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I am trying to take a list of lists, and return a list of lists which contain each element at an index of the original list of lists. I know that that's badly worded. Here's an example.

Say I have the following list of lists:

[[1,2,3], [4,5,6], [7,8,9]]

I want to get another list of lists, in which each list is a list of each elements at a specific index. For example:

[[1,2,3], [4,5,6], [7,8,9]] becomes [[1,4,7], [2,5,8], [3,6,9]]

So the first list in the returned list, contains all of the elements at the first index of each of the original list, and so on. I'm stuck, and have no idea how this could be done. Any help would be appreciated. Thanks.

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2  
FYI: That's commonly called transposing or rotating. –  delnan Jun 26 '11 at 9:24
    
@delnan: I'd rather not call it rotating. IMO rotating is mylist = mylist[1:] + mylist[:1] (left) or mylist = mylist[-1:] + mylist[:-1] (right). –  pillmuncher Jun 26 '11 at 19:19

5 Answers 5

up vote 8 down vote accepted
>>> [list(t) for t in zip(*[[1,2,3], [4,5,6], [7,8,9]])]
[[1, 4, 7], [2, 5, 8], [3, 6, 9]]
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I feel really stupid, having missed a built-in that does exactly that. In my defense, I've never had to use something like it before. Thanks though! –  Michael Smith Jun 26 '11 at 9:51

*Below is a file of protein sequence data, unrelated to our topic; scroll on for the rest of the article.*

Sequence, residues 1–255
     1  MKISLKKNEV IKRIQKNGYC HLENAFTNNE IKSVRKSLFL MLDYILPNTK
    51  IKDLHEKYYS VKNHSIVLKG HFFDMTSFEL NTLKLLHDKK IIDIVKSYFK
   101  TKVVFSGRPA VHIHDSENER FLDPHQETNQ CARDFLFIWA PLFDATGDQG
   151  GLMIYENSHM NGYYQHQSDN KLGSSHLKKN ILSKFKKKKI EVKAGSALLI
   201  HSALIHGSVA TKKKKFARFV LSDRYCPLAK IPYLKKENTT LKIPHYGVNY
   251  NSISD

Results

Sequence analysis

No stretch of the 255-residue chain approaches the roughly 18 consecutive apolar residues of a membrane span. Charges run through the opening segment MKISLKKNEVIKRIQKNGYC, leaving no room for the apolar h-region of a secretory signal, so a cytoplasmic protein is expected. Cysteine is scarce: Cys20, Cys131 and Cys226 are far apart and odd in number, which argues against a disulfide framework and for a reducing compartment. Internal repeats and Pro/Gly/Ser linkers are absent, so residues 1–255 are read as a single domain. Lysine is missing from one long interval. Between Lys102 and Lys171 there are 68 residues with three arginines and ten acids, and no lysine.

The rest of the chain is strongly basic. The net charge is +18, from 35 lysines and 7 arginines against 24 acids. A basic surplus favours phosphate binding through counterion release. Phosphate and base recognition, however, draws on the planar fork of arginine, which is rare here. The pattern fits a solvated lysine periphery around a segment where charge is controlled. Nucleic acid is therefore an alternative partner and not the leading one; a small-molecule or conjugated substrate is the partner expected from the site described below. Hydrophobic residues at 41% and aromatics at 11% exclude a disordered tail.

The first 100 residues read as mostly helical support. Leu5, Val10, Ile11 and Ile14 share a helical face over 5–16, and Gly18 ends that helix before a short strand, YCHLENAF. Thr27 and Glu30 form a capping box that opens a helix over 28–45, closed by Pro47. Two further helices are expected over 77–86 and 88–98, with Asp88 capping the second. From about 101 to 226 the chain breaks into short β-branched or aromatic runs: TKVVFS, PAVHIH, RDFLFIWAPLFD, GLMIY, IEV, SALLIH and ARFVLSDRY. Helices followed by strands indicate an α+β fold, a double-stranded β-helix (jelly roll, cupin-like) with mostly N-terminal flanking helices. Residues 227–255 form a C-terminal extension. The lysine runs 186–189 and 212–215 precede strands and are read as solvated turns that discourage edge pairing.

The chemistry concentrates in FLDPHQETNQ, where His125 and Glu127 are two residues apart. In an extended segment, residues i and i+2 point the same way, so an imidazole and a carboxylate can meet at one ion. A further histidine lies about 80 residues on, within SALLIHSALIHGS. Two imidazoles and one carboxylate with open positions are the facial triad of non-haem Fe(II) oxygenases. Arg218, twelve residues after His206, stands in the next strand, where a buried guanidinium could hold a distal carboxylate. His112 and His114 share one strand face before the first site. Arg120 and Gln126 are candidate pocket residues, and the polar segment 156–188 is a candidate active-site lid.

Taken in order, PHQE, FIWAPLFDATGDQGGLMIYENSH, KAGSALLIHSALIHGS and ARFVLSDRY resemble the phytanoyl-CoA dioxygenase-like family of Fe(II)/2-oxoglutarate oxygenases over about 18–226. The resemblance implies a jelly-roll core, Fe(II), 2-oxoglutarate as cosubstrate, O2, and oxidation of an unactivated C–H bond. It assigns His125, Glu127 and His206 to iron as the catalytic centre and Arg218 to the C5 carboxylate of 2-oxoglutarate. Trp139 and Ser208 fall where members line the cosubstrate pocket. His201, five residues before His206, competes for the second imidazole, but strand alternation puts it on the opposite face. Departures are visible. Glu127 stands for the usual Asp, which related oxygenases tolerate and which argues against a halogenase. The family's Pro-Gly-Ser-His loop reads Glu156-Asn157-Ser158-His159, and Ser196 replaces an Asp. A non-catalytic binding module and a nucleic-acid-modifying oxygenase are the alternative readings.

perhaps an easy way wiould be:

a=[[1,2,3], [4,5,6], [7,8,9]]
b=zip(*a)

b will be equal to [(1, 4, 7), (2, 5, 8), (3, 6, 9)]. hopes this helps

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N.B: This list contains tuples, rather than lists in Python 2.x and a zip object in Python 3.x. This is probably okay, but worth noting. –  Johnsyweb Jun 26 '11 at 9:38
1  
yes, and this is perhaps sufficient. Dan D. solution is already giving the complete solution with lists. Your solution is also nice using arrays, thank you. –  fransua Jun 26 '11 at 9:56

Dan D's answer is correct and will work in Python 2.x and Python 3.x.

If you're doing lots of matrix operations, not just transposition, it's worth considering Numpy at this juncture:

>>> import numpy as np
>>> x = np.array([[1, 2, 3], [4, 5, 6], [7, 8, 9]])
>>> np.swapaxes(x, 0, 1)
array([[1, 4, 7],
       [2, 5, 8],
       [3, 6, 9]])

Or, more simply, as per the comments, use numpy.transpose():

>>> np.transpose(x)
array([[1, 4, 7],
       [2, 5, 8],
       [3, 6, 9]])
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1  
Why not just transpose? –  katrielalex Jun 26 '11 at 12:29
    
@katrielalex: Because I forgot it was there! Thanks for the reminder. –  Johnsyweb Jun 26 '11 at 21:46

In addition to the zip(*lists) approach, you could also use a list comprehension:

[[l[i] for l in lists] for i in range(3)]
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Or [[l[i] for l in lists] for i in range(len(lists))] to remove the hard-coded three. –  Johnsyweb Jun 26 '11 at 9:40

In case you want to simply transpose your matrix -e.g. to get new matrix where rows are cols from initial matrix while columns equal to the initial matrix rows values then you can use:

initMatr = [
            [1,2,3],
            [4,5,6],
            [7,8,9]
           ]
map(list, zip(*initMatr))


>>> [
     [1,4,7],
     [2,5,8],
     [3,6,9]
    ]

OR in case you want to rotate matrix left then:

map(list, zip(*map(lambda x: x[::-1], initMatr)

>>> [
       [3,6,9],
       [2,5,8],
       [1,4,7]       
    ]
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